3.4. Suggestions for a Better Health Care: The Self-Confident Senior Patient and the Empathic Doctor

An integration of CAM in their health care would be welcomed by the majority of the participants. One participant (FS 22) went even as far as demanding for this integration. Most of the participants would prefer natural compared to chemical products and would appreciate to get substantial and neutral information about CAM from their family doctors. At the same time the patients would need to learn to build their own opinion and be able to discuss this with their doctors. The participants also asked for better trained doctors in CAM and developed some ideas about this for medical schools.FS 22: “[CAM as] a specialty that students have to go to (…) which is part like surgery or internal medicine or ophthalmology or otology.”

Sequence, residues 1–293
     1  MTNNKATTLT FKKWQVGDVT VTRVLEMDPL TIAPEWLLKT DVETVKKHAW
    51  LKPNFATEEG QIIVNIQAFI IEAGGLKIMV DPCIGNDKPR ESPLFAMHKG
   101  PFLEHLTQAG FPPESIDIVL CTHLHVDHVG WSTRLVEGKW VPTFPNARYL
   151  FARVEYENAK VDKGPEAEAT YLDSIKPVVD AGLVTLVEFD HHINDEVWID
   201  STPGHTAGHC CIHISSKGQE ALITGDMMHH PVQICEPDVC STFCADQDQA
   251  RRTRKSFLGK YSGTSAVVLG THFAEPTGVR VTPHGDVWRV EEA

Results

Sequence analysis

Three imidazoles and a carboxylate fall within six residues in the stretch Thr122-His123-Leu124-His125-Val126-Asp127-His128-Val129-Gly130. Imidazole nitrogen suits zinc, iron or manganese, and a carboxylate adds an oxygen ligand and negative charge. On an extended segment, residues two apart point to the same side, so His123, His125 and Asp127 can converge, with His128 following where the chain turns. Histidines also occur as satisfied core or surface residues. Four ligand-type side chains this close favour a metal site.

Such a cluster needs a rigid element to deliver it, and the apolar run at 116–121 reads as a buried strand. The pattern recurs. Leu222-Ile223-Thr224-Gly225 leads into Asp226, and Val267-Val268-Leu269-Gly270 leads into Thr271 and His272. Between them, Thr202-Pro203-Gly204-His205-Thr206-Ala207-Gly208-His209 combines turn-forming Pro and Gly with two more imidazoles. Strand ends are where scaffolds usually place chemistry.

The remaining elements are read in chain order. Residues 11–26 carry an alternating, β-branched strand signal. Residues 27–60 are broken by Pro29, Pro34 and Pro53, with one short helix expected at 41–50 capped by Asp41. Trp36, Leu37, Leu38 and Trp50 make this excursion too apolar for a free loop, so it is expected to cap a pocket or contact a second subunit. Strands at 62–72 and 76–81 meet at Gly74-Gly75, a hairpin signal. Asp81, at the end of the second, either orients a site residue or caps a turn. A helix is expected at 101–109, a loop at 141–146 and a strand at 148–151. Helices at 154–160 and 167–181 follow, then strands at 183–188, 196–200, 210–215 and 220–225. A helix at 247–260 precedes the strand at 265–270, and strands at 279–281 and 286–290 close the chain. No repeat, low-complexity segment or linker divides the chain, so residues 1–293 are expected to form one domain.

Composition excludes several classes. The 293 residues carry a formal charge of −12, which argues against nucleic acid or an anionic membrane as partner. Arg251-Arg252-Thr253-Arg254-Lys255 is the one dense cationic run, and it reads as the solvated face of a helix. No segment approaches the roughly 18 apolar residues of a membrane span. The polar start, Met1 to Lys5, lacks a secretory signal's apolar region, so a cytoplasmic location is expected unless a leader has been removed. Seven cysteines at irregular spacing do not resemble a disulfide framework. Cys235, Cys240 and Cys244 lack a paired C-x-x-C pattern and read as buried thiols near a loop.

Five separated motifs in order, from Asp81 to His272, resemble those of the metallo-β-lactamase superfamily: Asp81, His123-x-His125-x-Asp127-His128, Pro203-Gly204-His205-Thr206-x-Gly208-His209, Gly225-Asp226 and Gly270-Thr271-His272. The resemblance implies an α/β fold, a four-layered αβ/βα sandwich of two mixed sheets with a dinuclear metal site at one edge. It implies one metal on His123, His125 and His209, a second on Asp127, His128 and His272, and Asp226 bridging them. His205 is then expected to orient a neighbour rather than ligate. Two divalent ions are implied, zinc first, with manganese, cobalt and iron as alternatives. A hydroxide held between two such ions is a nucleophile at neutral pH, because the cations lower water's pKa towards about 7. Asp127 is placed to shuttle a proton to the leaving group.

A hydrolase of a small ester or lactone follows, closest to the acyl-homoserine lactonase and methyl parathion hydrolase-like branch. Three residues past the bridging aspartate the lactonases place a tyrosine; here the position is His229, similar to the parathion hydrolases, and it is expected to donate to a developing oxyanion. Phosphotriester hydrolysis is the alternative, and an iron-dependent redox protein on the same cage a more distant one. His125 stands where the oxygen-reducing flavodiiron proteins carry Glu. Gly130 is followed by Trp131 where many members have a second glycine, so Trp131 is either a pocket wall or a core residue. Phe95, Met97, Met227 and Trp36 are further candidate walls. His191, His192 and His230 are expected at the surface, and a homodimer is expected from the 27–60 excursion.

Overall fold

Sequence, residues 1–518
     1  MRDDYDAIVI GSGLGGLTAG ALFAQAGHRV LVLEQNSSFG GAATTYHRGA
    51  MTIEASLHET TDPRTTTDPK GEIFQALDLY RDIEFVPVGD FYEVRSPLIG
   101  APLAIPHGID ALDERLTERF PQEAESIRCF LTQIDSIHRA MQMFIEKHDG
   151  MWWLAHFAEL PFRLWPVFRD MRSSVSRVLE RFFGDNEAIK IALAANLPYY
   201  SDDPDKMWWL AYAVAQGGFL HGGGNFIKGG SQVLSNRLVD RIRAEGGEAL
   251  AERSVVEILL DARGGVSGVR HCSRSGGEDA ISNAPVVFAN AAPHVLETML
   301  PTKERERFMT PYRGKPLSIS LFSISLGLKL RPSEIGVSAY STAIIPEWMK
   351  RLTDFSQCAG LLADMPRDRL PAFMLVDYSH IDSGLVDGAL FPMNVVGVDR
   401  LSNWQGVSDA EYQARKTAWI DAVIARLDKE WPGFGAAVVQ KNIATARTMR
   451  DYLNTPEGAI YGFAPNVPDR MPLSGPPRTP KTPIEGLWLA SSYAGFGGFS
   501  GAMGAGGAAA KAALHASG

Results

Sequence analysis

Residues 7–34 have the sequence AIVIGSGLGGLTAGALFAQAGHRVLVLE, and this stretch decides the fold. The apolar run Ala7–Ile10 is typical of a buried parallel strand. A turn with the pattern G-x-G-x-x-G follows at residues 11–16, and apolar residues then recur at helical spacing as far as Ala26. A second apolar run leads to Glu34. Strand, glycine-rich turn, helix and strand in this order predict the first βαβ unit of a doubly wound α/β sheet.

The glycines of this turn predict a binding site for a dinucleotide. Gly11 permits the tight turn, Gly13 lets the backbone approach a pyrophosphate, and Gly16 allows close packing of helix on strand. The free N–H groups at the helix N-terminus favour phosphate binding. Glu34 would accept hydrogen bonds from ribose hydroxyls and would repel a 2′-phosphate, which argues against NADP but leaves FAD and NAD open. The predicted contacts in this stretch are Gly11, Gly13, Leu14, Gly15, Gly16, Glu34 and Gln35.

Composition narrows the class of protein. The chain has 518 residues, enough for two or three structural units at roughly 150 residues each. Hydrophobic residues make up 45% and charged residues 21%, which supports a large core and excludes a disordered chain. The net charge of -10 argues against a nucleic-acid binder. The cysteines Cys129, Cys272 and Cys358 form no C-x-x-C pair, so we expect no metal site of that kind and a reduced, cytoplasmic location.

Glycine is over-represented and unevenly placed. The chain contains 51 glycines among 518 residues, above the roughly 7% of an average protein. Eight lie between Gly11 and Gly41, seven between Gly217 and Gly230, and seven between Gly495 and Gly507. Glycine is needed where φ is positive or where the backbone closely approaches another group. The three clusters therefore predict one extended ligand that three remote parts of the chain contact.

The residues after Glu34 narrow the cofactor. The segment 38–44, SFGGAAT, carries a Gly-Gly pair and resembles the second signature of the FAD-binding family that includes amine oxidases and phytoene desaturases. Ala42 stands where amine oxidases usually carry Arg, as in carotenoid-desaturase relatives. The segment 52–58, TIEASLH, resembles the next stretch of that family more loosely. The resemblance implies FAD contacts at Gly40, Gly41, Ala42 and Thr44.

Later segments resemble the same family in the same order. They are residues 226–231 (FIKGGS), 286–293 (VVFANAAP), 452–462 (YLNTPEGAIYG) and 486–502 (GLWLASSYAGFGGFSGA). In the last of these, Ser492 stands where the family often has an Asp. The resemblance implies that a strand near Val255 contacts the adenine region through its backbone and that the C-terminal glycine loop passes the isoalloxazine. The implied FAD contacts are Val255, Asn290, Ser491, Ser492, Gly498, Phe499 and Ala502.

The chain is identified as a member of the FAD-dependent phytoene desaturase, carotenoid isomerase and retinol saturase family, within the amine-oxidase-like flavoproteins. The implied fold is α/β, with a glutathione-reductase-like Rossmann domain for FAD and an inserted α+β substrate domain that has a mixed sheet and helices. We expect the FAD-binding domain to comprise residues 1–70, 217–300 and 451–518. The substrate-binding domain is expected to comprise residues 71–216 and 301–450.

The participants all agreed upon the wish for more empathy in general. The participants asked for more dialogues, more interest, more humanity, and a reliable follow-up care. Also experience, thoroughness, and physical examination were required which would need also more time.FS 24: “I think the doctor should open his ears and listen carefully, what I say (…) I often sensed or felt, man, he is not really here with his mind.”

Half of the participants suggested more cost coverage by health insurances for CAM and the dialogue between patient and doctor. There was consensus that a physician cannot do everything alone and that cooperation with other physicians and other specialists was important. One discussion group outlined even an ideal clinic with a nurse, a diet assistant, a social worker, a physician specialized in psychosomatics, other specialized physicians, and a family doctor who coordinates all. The family doctor should also do home visits which are important in older age.